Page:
Purpose: Mycoplasma genitalium is a possible sexually transmitted pathogen and its study among the adolescent age group has been limited. In this longitudinal study, the epidemiology, natural history, and associated clinical findings of M. genitalium among adolescents in a primary care setting were explored.
Methods: A sample of 383 young women (14-17 years of age) and 117 male partners provided sexual behavior data and urogenital samples for polymerase chain reaction testing to detect M. genitalium, Chlamydia trachomatis, and other sexually transmitted infections. Women were tested quarterly for up to 27 months and, during every other quarter, tested weekly. The presence of any signs or symptoms of infection among the female subjects was also documented.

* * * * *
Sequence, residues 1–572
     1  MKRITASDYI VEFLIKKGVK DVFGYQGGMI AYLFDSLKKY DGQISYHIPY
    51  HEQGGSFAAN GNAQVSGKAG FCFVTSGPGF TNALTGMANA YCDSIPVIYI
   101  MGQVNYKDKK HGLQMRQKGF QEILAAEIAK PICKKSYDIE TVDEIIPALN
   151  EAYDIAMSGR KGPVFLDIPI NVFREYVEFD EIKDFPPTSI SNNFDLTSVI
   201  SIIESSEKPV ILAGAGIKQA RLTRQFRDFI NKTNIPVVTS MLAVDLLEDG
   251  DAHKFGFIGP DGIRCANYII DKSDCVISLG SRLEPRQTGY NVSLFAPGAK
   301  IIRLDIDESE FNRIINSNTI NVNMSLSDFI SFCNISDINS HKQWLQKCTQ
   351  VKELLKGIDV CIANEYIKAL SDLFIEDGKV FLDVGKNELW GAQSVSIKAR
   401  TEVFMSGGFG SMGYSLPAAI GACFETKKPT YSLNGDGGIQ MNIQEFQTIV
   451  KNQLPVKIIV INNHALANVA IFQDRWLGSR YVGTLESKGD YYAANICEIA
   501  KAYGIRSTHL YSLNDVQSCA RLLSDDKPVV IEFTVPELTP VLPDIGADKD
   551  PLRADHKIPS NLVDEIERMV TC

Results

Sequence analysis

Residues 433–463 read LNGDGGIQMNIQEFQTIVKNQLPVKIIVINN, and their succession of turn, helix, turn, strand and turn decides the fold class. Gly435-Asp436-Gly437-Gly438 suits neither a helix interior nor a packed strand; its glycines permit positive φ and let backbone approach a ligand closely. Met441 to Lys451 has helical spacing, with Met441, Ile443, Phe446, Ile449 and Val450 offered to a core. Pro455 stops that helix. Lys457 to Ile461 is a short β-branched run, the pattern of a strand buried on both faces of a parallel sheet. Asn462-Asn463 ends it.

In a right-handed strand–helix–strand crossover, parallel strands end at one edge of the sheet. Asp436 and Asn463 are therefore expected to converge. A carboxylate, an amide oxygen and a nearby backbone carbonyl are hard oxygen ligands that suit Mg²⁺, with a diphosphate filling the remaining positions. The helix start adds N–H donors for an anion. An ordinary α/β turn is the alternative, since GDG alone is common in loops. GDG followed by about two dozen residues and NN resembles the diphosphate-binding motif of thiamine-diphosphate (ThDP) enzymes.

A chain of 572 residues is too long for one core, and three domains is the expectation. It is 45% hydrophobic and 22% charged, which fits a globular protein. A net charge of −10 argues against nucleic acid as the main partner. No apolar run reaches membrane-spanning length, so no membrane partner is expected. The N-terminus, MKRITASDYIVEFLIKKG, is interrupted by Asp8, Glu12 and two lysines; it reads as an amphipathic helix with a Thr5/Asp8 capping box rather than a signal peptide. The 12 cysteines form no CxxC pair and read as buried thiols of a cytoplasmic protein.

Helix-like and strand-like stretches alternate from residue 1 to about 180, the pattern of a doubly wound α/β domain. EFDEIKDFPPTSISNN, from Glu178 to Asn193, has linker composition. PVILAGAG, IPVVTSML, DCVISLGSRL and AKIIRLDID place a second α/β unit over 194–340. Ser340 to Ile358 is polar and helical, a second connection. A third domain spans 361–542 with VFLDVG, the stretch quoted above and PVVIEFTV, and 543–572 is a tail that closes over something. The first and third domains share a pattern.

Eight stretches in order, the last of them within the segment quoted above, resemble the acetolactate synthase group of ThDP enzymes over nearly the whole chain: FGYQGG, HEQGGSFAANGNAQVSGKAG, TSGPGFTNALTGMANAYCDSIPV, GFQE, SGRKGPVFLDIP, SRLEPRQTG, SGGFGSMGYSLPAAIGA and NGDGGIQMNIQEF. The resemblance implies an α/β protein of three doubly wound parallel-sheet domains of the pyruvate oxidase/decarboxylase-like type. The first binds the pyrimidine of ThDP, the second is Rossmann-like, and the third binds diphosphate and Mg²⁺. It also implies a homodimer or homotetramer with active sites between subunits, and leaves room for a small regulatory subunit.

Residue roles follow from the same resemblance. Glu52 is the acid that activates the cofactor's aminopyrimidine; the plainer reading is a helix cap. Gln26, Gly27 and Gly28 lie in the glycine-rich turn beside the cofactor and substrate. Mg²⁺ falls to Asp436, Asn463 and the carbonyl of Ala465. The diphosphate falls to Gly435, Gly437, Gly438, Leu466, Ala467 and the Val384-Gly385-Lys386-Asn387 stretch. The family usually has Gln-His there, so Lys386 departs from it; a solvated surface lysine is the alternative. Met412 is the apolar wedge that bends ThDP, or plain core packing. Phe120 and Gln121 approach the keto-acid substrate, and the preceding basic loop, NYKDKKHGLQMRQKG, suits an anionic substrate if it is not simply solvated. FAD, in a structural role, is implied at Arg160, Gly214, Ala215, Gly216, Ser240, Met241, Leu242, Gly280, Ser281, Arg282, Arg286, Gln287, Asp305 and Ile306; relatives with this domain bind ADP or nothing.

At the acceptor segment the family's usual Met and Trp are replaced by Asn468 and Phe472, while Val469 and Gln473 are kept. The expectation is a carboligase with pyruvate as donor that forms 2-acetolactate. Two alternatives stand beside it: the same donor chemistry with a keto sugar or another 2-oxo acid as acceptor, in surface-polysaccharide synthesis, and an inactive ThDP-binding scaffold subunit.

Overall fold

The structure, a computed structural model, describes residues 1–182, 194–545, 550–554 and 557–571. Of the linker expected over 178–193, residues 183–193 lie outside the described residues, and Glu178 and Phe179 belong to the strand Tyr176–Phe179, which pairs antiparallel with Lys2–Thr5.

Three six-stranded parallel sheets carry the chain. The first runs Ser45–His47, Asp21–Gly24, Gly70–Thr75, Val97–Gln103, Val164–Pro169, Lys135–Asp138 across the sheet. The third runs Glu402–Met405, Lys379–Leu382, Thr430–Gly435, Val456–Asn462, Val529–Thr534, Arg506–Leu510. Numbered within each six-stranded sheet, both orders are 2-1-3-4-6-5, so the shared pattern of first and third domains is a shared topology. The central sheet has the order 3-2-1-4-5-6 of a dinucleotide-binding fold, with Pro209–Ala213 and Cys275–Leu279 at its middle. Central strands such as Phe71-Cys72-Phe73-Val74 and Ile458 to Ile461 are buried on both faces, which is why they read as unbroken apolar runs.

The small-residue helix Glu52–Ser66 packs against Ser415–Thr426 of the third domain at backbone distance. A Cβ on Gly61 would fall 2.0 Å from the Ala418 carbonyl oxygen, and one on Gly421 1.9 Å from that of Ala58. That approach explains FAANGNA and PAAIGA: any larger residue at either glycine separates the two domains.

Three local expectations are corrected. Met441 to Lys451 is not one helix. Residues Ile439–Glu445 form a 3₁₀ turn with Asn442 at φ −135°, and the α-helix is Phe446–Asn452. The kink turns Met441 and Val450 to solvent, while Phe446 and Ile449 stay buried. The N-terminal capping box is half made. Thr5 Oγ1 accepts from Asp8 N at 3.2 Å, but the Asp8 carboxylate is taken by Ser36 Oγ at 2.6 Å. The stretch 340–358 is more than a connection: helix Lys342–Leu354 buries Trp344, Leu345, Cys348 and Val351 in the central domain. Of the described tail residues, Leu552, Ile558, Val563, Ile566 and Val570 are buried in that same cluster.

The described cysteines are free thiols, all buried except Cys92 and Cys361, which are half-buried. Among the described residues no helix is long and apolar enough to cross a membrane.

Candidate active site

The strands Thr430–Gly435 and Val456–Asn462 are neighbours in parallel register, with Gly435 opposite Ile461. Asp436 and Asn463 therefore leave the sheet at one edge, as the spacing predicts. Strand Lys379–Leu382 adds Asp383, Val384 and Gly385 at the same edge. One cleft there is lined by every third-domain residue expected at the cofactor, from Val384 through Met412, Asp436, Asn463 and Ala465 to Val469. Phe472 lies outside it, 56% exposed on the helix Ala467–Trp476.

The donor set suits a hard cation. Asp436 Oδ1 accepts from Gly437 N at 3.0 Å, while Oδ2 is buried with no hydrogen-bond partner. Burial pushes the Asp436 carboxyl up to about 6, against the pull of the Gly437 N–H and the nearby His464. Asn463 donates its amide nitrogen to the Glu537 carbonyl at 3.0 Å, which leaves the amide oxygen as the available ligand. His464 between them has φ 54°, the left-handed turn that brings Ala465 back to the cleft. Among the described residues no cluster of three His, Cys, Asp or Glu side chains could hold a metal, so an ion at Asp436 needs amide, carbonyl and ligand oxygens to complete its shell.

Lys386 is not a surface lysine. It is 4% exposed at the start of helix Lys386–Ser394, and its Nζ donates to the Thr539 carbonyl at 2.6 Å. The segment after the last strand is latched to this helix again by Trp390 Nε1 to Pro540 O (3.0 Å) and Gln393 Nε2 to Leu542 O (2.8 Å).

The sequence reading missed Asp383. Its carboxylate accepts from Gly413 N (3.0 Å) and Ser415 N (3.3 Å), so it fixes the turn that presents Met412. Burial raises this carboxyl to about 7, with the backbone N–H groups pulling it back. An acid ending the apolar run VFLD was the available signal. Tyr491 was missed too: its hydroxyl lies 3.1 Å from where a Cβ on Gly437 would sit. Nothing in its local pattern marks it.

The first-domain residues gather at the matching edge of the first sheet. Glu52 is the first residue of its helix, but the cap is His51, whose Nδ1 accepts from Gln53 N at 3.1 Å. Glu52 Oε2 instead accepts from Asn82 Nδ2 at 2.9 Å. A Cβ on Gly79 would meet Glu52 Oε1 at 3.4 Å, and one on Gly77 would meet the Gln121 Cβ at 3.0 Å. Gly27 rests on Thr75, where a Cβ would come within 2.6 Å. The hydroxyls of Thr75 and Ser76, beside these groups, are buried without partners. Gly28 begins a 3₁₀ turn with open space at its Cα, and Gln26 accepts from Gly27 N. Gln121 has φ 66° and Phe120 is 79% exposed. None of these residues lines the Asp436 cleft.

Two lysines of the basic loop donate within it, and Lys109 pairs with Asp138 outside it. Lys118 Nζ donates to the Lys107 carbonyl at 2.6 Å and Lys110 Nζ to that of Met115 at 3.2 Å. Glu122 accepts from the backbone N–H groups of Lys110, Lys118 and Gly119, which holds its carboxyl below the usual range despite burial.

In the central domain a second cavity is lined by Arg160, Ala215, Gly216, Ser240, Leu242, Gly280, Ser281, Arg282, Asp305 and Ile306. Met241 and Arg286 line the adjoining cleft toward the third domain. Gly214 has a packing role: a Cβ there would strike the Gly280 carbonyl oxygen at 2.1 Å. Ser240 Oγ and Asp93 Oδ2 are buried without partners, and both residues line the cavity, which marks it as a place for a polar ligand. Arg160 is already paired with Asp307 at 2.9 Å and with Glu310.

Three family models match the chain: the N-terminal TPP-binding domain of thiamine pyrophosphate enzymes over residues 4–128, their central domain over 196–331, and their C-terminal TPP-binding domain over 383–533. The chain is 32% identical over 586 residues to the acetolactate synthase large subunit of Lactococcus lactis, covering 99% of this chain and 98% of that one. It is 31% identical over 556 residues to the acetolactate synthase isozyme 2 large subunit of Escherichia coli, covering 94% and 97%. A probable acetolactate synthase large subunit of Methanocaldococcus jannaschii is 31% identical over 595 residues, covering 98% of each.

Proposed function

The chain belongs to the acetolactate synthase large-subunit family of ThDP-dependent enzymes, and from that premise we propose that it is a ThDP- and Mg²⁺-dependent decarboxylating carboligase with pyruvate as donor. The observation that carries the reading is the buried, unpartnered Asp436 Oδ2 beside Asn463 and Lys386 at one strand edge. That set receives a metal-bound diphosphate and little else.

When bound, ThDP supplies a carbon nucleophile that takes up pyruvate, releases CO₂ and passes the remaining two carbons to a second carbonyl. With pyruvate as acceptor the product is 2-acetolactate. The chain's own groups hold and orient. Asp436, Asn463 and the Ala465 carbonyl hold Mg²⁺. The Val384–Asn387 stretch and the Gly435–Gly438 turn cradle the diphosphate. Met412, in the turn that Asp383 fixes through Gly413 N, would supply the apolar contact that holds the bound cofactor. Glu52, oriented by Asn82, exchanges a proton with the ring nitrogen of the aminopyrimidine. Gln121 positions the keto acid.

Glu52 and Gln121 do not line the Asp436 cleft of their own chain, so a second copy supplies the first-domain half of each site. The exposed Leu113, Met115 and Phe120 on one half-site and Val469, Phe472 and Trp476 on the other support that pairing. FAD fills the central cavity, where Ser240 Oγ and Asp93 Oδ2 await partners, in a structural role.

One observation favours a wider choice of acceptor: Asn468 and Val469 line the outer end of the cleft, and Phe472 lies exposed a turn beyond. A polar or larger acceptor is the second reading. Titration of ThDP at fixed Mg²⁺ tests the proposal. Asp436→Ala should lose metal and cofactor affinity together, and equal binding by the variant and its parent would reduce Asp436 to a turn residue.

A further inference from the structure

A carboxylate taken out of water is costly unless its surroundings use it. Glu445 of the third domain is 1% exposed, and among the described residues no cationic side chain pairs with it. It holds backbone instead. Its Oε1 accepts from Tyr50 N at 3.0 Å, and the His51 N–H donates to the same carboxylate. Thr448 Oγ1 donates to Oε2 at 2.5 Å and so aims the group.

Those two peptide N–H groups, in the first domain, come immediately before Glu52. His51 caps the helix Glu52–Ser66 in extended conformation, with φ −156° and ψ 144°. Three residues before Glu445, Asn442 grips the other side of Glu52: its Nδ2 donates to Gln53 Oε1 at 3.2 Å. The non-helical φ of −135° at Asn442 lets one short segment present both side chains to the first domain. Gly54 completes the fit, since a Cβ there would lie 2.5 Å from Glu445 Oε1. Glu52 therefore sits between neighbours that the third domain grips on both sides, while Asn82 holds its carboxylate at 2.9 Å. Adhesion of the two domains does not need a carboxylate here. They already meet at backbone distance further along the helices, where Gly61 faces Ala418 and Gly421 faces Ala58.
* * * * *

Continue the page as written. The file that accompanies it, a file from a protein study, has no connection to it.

Results: Cumulatively, 13.6% (52/383) of women tested positive for M. genitalium. All women with M. genitalium, except one, were sexually experienced. M. genitalium was associated with number of sexual partners (p < .001) and C. trachomatis infection (p < .03). M. genitalium was more likely among male partners of M. genitalium-positive women (p < .02); 31.3% of untreated M. genitalium cases had infection lasting over 8 weeks. M. genitalium was not associated with the presence of clinical signs or symptoms of infection.
Conclusions: Findings support sexual transmissibility of M. genitalium and add to understanding of M. genitalium natural history and clinical findings.